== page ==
I often wonder - wistfully - what America would be like today, if King were still alive and walked among us. He would be at an age in life when men and women are still making significant contributions to society. What would be the breadth and magnitude of his influence and leadership?
Certainly, none of the Emerson students present tonight was alive when Martin Luther King was murdered. His life and the times in which he lived is as remote to you as World War II was for those of us who came of age in the 60's and 70’s.
The America into which today’s undergraduates were born is very different from that into which King was born – a world where White businesses created separate accommodations for Black people. A society – supported and legalized by the laws of the land – that forced African-Americans to pay the same or more, for less: a society of separate parks, separate hospitals, separate public transportation, separate water fountains, separate public restrooms, separate libraries, separate hotels, separate restaurants, separate theaters, and separate schools. Even separate cemeteries were common in King’s America – not only in the South, but in the North as well.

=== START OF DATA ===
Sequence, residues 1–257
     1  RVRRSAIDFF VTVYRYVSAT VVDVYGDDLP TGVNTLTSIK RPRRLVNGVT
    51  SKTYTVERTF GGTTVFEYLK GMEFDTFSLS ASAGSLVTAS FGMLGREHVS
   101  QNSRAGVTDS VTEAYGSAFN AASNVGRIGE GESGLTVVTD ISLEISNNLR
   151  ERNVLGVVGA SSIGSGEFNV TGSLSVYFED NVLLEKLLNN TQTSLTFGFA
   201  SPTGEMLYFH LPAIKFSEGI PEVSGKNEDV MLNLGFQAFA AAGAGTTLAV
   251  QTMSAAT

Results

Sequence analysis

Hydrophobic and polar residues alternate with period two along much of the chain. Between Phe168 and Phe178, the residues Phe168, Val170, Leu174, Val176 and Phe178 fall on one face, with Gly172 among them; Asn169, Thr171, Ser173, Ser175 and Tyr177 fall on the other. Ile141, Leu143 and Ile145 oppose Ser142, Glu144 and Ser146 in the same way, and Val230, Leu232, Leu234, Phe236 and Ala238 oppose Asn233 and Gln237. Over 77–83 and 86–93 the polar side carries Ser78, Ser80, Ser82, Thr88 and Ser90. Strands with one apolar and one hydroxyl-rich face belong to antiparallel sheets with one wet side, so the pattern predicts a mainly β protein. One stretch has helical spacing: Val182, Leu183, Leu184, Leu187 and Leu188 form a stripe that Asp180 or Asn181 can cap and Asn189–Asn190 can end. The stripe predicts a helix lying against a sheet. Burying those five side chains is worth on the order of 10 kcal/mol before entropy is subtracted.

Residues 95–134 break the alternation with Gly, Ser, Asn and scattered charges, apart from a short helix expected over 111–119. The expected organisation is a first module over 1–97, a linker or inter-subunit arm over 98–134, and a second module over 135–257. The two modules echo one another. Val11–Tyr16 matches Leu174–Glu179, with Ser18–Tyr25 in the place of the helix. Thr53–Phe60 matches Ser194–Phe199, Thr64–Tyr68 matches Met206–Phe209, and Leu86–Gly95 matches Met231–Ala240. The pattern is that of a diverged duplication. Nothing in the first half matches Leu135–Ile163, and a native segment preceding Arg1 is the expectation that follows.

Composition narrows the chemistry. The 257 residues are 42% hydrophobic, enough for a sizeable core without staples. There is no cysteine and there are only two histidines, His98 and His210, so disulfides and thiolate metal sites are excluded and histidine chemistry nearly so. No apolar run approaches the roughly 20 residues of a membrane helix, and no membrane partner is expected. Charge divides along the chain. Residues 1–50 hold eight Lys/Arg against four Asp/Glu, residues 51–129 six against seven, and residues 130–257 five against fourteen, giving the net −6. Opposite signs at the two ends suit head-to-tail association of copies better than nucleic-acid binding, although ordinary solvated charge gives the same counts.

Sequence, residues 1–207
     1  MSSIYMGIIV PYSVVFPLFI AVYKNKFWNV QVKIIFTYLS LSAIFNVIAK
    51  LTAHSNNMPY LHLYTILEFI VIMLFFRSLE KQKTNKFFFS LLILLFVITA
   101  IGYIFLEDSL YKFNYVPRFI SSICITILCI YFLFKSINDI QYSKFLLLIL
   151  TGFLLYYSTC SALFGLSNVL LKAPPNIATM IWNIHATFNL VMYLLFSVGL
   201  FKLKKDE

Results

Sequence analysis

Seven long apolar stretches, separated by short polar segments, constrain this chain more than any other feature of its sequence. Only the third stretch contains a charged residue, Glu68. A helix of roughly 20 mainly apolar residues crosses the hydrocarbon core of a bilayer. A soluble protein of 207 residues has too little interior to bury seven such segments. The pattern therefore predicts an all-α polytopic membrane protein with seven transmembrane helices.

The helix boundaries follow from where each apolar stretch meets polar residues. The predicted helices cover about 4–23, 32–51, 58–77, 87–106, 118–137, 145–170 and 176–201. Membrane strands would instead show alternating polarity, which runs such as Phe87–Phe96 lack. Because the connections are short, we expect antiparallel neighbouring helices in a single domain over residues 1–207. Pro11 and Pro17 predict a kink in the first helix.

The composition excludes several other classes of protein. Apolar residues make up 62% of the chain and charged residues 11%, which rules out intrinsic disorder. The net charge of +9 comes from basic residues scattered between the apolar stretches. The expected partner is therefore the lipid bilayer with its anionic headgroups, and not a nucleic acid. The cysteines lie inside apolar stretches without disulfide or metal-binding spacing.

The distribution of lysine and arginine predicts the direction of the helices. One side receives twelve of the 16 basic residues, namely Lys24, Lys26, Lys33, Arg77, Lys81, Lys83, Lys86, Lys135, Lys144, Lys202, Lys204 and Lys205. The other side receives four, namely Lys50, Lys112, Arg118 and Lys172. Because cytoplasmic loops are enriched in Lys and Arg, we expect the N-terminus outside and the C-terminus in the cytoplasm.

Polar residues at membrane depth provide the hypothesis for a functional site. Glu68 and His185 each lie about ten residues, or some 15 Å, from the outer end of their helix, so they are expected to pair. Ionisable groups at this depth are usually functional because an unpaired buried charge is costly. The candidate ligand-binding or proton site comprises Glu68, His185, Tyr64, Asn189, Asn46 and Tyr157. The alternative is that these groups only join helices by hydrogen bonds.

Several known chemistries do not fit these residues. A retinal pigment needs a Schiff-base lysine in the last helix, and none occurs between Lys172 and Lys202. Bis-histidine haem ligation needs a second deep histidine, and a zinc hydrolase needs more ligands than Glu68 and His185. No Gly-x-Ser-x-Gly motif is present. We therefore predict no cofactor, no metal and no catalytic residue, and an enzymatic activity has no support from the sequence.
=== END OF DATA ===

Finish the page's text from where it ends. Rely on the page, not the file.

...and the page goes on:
The last decade of King’s life was dizzying, played out against the backdrop of a swiftly changing world. He witnessed the assassinations of John F. Kennedy and Malcolm X. (Kennedy’s brother, Bobby, would die only a few short months after King did.) The nation was awakening to the war in Vietnam. A major study of American society commissioned by the Johnson administration concluded that ours was a land divided by race and unfathomable poverty. The 1965 Watts Riots signaled the despair, the anger and frustration of Black America, especially its youth.
On college campuses – not only in America, but also in Paris and Mexico City – students, buoyed by Marxism and socialist ideals, were attempting to transform their universities. Some, such as those at Kent State, died on behalf of causes felt more in their hearts than understood by their intellects.
A new generation of young, angry and highly articulate Black Americans provided a sharp counterpoint to King’s non-violent message. The Black Panthers called for an armed struggle. Malcolm X vowed to revolutionize American society “by any means necessary.” H. Rap Brown and Stokely Carmichael begot a new phrase, “Black Power,” that rang across the land, frightening many White Americans.